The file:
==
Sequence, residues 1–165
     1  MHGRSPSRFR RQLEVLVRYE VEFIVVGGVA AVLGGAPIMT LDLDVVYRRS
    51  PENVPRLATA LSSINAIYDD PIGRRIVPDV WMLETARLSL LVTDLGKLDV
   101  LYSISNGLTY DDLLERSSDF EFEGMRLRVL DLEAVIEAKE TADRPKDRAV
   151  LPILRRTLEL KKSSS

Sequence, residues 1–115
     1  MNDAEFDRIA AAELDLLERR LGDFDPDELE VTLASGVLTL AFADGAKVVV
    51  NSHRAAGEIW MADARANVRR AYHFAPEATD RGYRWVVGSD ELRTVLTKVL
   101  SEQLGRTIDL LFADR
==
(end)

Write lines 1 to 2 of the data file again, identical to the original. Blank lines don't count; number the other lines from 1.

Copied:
Sequence, residues 1–165
     1  MHGRSPSRFR RQLEVLVRYE VEFIVVGGVA AVLGGAPIMT LDLDVVYRRS